Attendee experience is more important than ever before, post-pandemic. For many in your audience, this may be the first large event they have attended in years. They may feel confused, anxious, and overwhelmed. Overstaff your people-facing roles–greeters, information desk, ushers–so your guests feel well taken care of. Jobble offers temporary staffing solutions that can help you staff up quickly.
Create some structure in the process.
Whether or not you are an event manager, understanding the 5 C’s of event management can help you to create some structure when thinking through the planning process. What are the 5 C’s of event planning?
Concept – How do you want your attendees to feel when they’re at your event? Your attendees should be the primary consideration when you flesh out the who, what, where, when & why. Who is your target audience? What will be happening there? Where will it be held, and when? Do you understand the purpose of this event?
Coordination – Deciding on a theme or general event overview will inform your subsequent to-do list: building a budget, booking a venue, and nailing down a date, among other details. Start from the beginning and move through each step. Begin promoting the event and delegating responsibilities to team members and vendors at this stage.
Control – As planning is underway, keep a cool head and stay in control. Build a timeline and set clear target dates for major deliverables. Hold regular check-ins with key stakeholders and vendors. Conduct site visits. Think through contingency planning and allocate 10-20% of your event budget for unforeseen emergencies.
Culmination – Event day is here! Everyone on site should have a day-of event schedule and a one-pager with answers to frequently asked questions. If possible, get early access to your venue and set aside time to do a run-through with your day-of event team. Throughout the day, check in with vendors, speakers, and guests.
Closeout – Don’t miss this step! Immediately after the event is over, tidy up your venue and ensure all payments and contracts are closed out. Schedule a time to check in with your team and your key partners to gather feedback to integrate into your next event. Send thank you notes. Follow up with participant surveys to be able to measure whether your event met its goals.
Common event planning challenges
Inevitably, something will go wrong during event planning. Approaching these roadblocks with confidence is part of the role of an event manager. Some examples of common struggles during event planning and how to overcome them follow here.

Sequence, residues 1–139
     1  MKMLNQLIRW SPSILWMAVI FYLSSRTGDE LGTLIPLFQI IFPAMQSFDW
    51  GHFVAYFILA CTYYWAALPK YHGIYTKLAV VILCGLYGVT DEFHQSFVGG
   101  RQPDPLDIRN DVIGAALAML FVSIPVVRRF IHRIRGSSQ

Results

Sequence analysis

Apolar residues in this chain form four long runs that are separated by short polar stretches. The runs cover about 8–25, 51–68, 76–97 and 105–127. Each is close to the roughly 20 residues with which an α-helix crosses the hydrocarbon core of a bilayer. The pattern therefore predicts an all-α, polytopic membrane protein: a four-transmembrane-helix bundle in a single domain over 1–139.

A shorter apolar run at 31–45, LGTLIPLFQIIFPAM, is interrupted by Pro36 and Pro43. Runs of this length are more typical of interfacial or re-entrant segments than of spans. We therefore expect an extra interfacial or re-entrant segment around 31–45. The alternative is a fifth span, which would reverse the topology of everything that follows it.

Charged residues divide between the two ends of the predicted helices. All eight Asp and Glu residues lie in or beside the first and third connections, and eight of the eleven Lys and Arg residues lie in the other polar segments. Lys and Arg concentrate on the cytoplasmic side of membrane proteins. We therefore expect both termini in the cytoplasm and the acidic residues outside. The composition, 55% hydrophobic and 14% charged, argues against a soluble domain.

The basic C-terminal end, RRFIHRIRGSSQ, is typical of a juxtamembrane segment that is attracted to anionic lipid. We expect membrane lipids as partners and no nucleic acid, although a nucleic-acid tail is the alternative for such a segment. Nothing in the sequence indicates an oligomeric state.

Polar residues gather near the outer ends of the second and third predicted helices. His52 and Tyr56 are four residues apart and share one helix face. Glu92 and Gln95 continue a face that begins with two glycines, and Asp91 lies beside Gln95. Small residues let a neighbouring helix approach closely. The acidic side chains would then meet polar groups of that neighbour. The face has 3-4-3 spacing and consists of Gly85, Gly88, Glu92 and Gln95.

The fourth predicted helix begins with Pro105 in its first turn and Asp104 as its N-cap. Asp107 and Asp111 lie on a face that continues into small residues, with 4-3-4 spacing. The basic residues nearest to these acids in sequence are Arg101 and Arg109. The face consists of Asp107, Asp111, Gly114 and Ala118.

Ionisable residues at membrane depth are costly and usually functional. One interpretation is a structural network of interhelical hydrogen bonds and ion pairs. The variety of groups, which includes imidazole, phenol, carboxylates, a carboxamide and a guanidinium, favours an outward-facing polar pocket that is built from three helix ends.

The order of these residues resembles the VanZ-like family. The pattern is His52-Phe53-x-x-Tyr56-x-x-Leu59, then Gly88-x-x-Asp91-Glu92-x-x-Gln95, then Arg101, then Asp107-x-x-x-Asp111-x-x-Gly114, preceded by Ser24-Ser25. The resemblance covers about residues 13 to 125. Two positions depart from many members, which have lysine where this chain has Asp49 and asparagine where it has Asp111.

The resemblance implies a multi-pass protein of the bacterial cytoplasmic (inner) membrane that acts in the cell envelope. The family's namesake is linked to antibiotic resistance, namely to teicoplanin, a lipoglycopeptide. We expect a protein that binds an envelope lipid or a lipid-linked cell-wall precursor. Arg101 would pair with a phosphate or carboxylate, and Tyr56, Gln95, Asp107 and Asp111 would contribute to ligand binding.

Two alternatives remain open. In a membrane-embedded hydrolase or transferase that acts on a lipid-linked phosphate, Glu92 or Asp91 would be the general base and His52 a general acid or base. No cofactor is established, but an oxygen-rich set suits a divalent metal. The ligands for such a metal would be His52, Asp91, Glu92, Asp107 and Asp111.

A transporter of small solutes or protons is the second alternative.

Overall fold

Your leadership team wants a major change part way through the planning process.
Be prepared to say no! Often, high-level leaders are big thinkers who are too removed from the planning process to see what you see. Offer alternatives where you can, but don’t be afraid to exercise your expertise.
A shortened timeline is forcing you to begin emergency planning for a large event.
It is becoming difficult to keep track of all moving parts and event details.
Use software like Asana or Trello to delegate responsibilities to teammates, and keep your collaborators abreast of progress on key deliverables. For the day of the event, it can be handy to keep an event binder with hard copies of important documents on hand.
Large event planning checklist
How do you plan a large-scale event? The best way is to make a list with your core team of decision-makers to identify the unique needs of your large event. This list is not exhaustive but will serve as a great starting point.
1+ years in advance
- Establish objectives and your event concept – who, what, where, when, and why!
- Select a date.
- Create a budget and set aside 10-20% for contingencies.
- Consider event sponsorship to supplement your budget.
- Book the venue.
- Research speakers and entertainment.
- Put together an event marketing and promotions plan.
8 to 11 months in advance
- Finalize venue details – how will people get there? Is it an accessible space?
- Create the venue layout.
- Finalize and sign contracts.
- Manage travel arrangements.
3 to 7 months in advance
- Finalize the menu – are you considering potential dietary restrictions?
- Get all permits, licenses, and event insurance.
- Order event merchandise and promotional materials.
- Put together a draft day-of-event schedule.
- Hire temporary and seasonal staff.
1 to 2 months in advance
- Organize a visit to the venue and conduct a walk-through with your team.
- Send reminders to attendees via email and social media.
- Check in with speakers, entertainers, and vendors to review questions & concerns.
- Review event materials – programs, branded swag, signage.
Week of event
- Confirm vendor arrival setup and breakdown details.
- Provide final registration numbers to the venue and caterer.
- Double-check the A/V equipment and wifi.
- Train event staff.
- Send a post-event survey to attendees.
- Send thank-you notes to vendors, partners, volunteers, and speakers.
- Schedule a time to debrief with your team and gather feedback. Evaluate whether the event met the goals you set out to achieve.
About the Author: Meghna Jaradi is a freelance writer and events manager with experience working for the Seattle Times, Kitchen Arts & Letters, Book Larder, Peddler Brewing Company, and more. You can contact her on LinkedIn.